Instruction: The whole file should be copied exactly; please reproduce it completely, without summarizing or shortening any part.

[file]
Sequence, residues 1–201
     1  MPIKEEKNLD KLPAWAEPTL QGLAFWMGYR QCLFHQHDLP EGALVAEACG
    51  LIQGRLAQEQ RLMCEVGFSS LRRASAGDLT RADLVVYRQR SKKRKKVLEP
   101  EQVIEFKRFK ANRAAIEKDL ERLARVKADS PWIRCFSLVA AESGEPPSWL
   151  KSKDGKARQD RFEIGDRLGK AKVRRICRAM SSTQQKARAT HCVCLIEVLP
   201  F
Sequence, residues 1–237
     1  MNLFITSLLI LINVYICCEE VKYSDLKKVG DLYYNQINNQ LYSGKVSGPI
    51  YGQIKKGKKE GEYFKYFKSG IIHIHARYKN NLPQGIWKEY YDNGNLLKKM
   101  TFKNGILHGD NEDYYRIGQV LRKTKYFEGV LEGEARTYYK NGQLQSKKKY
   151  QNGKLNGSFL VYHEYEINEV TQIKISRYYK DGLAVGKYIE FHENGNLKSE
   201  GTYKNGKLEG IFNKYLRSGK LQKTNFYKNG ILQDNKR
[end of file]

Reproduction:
Sequence, residues 1–201
     1  MPIKEEKNLD KLPAWAEPTL QGLAFWMGYR QCLFHQHDLP EGALVAEACG
    51  LIQGRLAQEQ RLMCEVGFSS LRRASAGDLT RADLVVYRQR SKKRKKVLEP
   101  EQVIEFKRFK ANRAAIEKDL ERLARVKADS PWIRCFSLVA AESGEPPSWL
   151  KSKDGKARQD RFEIGDRLGK AKVRRICRAM SSTQQKARAT HCVCLIEVLP
   201  F
Sequence, residues 1–237
     1  MNLFITSLLI LINVYICCEE VKYSDLKKVG DLYYNQINNQ LYSGKVSGPI
    51  YGQIKKGKKE GEYFKYFKSG IIHIHARYKN NLPQGIWKEY YDNGNLLKKM
   101  TFKNGILHGD NEDYYRIGQV LRKTKYFEGV LEGEARTYYK NGQLQSKKKY
   151  QNGKLNGSFL VYHEYEINEV TQIKISRYYK DGLAVGKYIE FHENGNLKSE
   201  GTYKNGKLEG IFNKYLRSGK LQKTNFYKNG ILQDNKR